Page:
Campaign India Team
Feb 16, 2010

Anant’s blog: Continuing to rave and rant

A lot of debate, and a lot of welcome comment, on my last blog.A number of readers disagreed vehemently; a number thought the blog was a waste of time; a number thought I was posting for the sake of posting, having nothing to say on anything.I’m going back there; to why the omission of Aircel and Dentsu bothers the hell out of me.I need to trust the newspaper.

Anant’s blog: Continuing to rave and rant
A lot of debate, and a lot of welcome comment, on my last blog.

A number of readers disagreed vehemently; a number thought the blog was a waste of time; a number thought I was posting for the sake of posting, having nothing to say on anything.

I’m going back there; to why the omission of Aircel and Dentsu bothers the hell out of me.

I need to trust the newspaper.

The environment throws up an almost infinite number of stories each day. The editor and the editorial team have a finite number of pages at their disposal and have to sift through all these zillions of news items and decide on which of these is most important to their readers.

They decide.

They decide, and they have the right to decide, because they know more than the average reader. They believe that I need to be kept informed of certain discussions in parliament but not of others. They decide that certain sporting events matter, but not others. They decide that I need to know about certain crimes committed in the city and in the country but not the rest.

You get the drift.

That’s a lot that the editor and his or her team decide on.

And I keep reading various newspapers and, based on what each one delivers to me, I like one more than the others.

Fundamentally, I trust one more than the others.

My views on myriad things are shaped by news media that I trust. From movies that I watch, to restaurants I dine in, stocks that I invest in, builders that I might buy a property from, politicians that I vote for, all these decisions are based, significantly, on news sources that I trust.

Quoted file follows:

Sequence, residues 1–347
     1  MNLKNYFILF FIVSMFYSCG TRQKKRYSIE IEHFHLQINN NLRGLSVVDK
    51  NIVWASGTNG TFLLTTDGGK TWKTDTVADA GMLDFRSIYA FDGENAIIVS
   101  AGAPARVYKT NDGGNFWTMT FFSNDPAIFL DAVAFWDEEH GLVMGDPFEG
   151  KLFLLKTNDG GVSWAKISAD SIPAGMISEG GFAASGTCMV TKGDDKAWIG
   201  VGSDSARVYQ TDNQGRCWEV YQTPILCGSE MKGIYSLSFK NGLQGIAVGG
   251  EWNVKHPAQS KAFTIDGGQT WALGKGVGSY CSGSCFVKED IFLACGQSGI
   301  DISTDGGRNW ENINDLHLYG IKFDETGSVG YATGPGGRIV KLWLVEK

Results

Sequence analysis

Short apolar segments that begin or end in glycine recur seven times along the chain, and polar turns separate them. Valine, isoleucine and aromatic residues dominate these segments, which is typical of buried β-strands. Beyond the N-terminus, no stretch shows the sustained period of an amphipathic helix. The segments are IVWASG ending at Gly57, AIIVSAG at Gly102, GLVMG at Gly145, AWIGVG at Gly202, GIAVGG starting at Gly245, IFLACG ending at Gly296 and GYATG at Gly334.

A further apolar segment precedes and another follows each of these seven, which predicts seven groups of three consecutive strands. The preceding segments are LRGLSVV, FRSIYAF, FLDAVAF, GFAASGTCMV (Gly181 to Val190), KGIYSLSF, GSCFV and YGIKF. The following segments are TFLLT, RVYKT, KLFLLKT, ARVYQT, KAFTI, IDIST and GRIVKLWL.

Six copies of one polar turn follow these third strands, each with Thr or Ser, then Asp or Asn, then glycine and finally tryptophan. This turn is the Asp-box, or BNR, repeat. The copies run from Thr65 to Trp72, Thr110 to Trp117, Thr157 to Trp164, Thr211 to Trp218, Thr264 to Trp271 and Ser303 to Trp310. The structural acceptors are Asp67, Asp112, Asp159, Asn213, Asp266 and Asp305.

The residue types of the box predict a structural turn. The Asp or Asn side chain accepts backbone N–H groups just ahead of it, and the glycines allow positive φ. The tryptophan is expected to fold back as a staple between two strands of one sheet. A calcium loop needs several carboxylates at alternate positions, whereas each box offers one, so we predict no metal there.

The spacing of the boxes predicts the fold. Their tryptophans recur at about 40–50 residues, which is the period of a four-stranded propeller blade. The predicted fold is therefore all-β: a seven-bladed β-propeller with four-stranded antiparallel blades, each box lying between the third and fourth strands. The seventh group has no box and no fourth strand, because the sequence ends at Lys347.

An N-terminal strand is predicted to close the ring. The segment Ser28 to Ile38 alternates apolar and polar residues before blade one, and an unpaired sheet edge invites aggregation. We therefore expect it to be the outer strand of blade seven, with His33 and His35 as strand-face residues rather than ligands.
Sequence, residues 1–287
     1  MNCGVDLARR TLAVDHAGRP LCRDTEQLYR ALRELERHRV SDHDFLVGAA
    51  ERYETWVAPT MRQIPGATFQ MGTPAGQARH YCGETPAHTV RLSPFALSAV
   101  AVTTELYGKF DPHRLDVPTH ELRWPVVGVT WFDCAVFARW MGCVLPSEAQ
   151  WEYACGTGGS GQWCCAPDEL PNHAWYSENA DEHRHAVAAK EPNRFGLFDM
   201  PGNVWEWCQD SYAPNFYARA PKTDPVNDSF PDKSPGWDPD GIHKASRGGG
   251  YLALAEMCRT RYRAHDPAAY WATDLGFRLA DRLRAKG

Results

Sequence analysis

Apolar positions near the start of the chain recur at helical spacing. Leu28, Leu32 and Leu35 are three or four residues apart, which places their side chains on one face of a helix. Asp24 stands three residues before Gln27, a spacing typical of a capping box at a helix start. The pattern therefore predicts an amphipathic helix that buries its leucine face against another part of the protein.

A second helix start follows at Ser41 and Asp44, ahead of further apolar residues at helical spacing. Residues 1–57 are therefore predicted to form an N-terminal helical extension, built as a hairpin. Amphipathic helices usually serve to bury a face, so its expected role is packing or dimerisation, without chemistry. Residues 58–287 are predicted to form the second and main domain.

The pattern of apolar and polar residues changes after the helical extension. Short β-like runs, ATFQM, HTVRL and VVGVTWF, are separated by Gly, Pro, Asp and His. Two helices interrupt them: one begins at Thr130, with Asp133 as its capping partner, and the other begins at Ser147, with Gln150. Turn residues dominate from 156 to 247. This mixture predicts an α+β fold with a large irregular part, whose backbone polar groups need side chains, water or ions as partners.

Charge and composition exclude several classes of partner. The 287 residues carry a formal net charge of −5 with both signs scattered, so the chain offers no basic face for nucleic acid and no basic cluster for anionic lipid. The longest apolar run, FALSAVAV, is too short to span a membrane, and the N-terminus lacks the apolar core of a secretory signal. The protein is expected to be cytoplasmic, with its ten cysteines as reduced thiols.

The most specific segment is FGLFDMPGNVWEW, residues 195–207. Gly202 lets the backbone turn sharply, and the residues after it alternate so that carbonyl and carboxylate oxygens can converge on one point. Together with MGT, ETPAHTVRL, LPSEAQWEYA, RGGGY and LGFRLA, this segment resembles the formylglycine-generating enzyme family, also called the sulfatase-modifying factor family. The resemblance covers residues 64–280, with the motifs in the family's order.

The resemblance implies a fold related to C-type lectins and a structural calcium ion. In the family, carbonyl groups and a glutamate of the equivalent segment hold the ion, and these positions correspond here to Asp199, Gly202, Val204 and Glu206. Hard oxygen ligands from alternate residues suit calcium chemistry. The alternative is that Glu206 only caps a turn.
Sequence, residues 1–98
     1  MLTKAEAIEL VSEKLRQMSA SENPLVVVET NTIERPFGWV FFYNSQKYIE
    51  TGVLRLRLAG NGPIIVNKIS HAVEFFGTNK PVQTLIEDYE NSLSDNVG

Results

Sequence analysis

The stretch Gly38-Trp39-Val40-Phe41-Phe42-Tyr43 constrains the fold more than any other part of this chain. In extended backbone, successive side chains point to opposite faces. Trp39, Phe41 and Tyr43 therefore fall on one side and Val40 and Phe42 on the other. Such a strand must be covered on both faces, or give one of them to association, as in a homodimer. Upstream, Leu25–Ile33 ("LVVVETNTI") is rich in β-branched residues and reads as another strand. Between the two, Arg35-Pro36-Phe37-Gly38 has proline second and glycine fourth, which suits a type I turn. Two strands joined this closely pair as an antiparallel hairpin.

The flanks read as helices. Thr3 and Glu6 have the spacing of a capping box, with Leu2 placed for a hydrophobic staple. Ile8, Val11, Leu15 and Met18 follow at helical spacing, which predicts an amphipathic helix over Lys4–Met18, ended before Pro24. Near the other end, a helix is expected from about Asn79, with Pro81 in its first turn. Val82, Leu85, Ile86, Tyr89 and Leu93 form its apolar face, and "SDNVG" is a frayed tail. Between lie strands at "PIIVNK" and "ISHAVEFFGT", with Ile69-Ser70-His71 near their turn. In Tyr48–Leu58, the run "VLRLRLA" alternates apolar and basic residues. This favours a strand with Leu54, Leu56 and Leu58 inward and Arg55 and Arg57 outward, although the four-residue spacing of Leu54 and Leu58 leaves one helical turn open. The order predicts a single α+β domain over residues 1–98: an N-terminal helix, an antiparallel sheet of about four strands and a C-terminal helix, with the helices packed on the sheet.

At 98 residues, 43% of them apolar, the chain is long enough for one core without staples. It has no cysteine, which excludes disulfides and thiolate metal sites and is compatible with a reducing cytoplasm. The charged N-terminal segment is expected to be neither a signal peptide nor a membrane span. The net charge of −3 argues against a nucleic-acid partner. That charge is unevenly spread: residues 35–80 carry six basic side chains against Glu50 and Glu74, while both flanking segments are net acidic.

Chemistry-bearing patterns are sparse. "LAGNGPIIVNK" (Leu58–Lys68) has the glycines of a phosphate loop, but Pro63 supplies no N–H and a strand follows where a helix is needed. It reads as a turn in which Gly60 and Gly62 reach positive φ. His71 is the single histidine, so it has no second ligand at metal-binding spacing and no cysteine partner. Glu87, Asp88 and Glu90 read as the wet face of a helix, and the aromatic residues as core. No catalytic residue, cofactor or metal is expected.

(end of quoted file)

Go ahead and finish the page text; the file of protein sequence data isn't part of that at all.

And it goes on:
If the newspaper I trust tells me that the best candidate in my constituency is John Doe, I will be inclined to vote for John Doe. And if John Doe and his party are voted to power, the newspaper has a large role to play in the very formation of the government.

That’s a big, big, responsibility that the newspaper has.

That’s why I need a newspaper that I can trust.

I need to be sure that the decision of the newspaper to promote John Doe is based on the editorial team’s unbiased opinion, not influenced by any factor other than their knowledge and their judgment. I need to be sure that the editorial team is ignoring other candidates only because, in their judgment, the others do not deserve to be recognized and promoted.

I need to stay confident that, when the newspaper says a political party is good, the opinion is based on editorial judgment, not based on the party’s ability to pay for the space.

A number of readers have said that the Aircel story is no big deal, that all of us know that such treatment is common practice in news media, not just The Times of India. I agree. I have written, in these very columns, that every single news product has a Medianet equivalent.

And I rave and rant, because I want to go back to a time when one could trust newspapers and news television completely.

The need to trust news sources is paramount because of the role that they play in a democracy. They are there to keep a check on the mishaps that we may see in a democracy. It’s not for nothing that they are called the fourth estate.

There are a lot of realities in new journalism and in the way newspapers and news television are run.

One of them is the Aircel story.

It’s a reality, but that doesn’t make it right.

 

Read about India's trust in the media, according to the 2010 Edelman Trust Barometer.

Source:
Campaign India

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